orphana Hendel, 1920. Arch. Naturgesch. 84A(7)
Phytagromyza orphana Hendel, 1920; Hendel, 1932. Fliegen
palaearkt. Reg. 6(2): 287
Phytagromyza orphana Hendel, 1920; von Tschirnhaus, 1969.
Faun.-Ok. Mitt. Kiel. 3: 283
Paraphytomyza orphana (Hendel, 1920); Spencer, 1972b. Handbk
ident. Br. Ins. 10(5g): 64
Paraphytomyza orphana (Hendel, 1920); Spencer, 1976. Fauna
ent. Scand. 5(1): 318-20, figs 574-5.
Paraphytomyza orphana (Hendel, 1920); Spencer, 1990. Host
specialization in the world Agromyzidae (Diptera) : 235, 236,
237 (fig. 888).
Aulagromyza orphana (Hendel, 1920)
/ Stem-mine: The
mine begins in a leaf, that soon withers (sign to look for, when
trying to find this miner). The larva continues living as a miner
in the skin of the stem (Bladmineerders van Europa). Pupation external (Spencer,
Larva: The larvae of flies are leg-less maggots without a head capsule (see examples). They never have thoracic or abdominal legs. They do not have chewing mouthparts, although they do have a characteristic cephalo-pharyngeal skeleton (see examples), usually visible internally through the body wall.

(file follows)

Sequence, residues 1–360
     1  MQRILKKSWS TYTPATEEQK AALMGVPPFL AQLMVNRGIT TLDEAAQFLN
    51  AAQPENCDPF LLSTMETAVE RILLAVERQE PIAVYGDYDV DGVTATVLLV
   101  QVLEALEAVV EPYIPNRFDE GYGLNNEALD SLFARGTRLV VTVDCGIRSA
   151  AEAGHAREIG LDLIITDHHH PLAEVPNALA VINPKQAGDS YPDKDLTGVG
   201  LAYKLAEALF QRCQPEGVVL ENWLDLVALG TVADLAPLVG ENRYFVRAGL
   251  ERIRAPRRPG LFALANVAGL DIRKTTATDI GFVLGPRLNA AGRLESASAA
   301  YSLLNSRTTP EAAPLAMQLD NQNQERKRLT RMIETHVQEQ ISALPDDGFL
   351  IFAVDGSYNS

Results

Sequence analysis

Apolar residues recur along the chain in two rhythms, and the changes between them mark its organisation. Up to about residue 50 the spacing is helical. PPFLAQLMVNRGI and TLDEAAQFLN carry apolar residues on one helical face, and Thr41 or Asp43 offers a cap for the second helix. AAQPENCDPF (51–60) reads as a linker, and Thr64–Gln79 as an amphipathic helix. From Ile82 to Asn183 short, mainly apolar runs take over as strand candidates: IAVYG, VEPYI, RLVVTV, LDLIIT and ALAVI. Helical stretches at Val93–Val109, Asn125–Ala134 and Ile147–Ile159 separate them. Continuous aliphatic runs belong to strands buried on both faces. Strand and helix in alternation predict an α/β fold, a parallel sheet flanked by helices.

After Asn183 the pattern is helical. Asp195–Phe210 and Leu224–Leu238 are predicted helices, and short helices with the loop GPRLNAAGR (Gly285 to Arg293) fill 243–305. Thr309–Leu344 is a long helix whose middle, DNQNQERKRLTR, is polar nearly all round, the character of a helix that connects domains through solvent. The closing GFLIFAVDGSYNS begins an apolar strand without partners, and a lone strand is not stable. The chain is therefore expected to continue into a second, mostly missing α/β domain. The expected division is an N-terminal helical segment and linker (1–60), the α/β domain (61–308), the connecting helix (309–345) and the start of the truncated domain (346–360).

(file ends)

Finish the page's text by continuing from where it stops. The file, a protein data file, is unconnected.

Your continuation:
The larva is described by de Meijere (1941)
and Dempewolf (2001: 167, as ? Aulagromyza
spiracles widely-separated, each with an ellipse of numerous small
bulbs (Spencer, 1976: 320).
Puparium: The puparia of flies are formed within the hardened last larval skin or puparium and as a result sheaths enclosing head appendages, wings and legs are not visible externally (see examples).
Hosts in Great Britain & Ireland:
of year - mines: July.
of year - adults: May-June.
in Great Britain & Ireland: Widespread in Britain including
Surrey (Godalming), Middlesex (Scrath Wood), Dorset (Portland),
Suffolk (Barrton Mills), Derby (Miller's Dale), Banff (Falls of
Tarnash) (Spencer, 1972b:
64), Warwickshire (Robbins, 1991:
105), Buckinghamshire (VC24), Cambridge, Middlesex (VC21), North Hampshire and
Worcestershire (VC37) (NBN
recorded in the Republic of Ireland (Martinez in Fauna Europaea).
NBN Grid Map:
elsewhere: Widespread in western and central Europe including
Denmark (Spencer, 1976: 320),
The Netherlands (Bladmineerders van Europa), Belgium (Scheirs,
de Bruyn and von Tschirnhaus, 1999), Germany (Spencer,
1976: 562), Austria, Czech Republic, European Turkey, French
mainland, Hungary, Poland, Slovakia and Spanish mainland (Martinez
in Fauna Europaea).
NBN Interactive Grid Maps of known host species:
British and Irish Parasitoids in Britain and elsewhere: Currently unknown.